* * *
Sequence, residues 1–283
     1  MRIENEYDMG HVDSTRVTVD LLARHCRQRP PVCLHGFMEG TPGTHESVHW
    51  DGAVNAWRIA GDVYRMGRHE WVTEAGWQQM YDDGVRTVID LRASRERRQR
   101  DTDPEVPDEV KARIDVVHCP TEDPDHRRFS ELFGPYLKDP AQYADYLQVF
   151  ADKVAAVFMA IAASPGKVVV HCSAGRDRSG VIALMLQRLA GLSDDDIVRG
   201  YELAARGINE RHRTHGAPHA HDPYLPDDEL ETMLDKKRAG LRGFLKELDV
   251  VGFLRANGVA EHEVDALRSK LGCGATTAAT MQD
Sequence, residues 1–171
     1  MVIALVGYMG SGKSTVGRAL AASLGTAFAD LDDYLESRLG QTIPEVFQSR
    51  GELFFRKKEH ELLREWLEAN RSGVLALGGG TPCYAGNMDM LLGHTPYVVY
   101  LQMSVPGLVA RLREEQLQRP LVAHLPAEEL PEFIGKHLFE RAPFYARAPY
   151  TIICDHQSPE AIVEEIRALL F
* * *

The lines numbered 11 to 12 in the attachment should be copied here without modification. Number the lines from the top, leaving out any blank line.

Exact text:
   101  LQMSVPGLVA RLREEQLQRP LVAHLPAEEL PEFIGKHLFE RAPFYARAPY
   151  TIICDHQSPE AIVEEIRALL F